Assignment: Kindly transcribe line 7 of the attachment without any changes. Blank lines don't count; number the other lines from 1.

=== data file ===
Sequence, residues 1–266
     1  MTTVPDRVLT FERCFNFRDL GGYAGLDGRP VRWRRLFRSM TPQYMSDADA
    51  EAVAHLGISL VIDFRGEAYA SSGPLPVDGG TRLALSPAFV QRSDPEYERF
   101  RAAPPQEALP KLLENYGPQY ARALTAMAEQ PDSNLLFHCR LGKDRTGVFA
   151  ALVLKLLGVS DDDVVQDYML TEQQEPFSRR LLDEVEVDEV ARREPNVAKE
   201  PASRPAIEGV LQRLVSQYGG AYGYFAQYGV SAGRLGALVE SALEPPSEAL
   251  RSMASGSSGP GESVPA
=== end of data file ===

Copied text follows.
   251  RSMASGSSGP GESVPA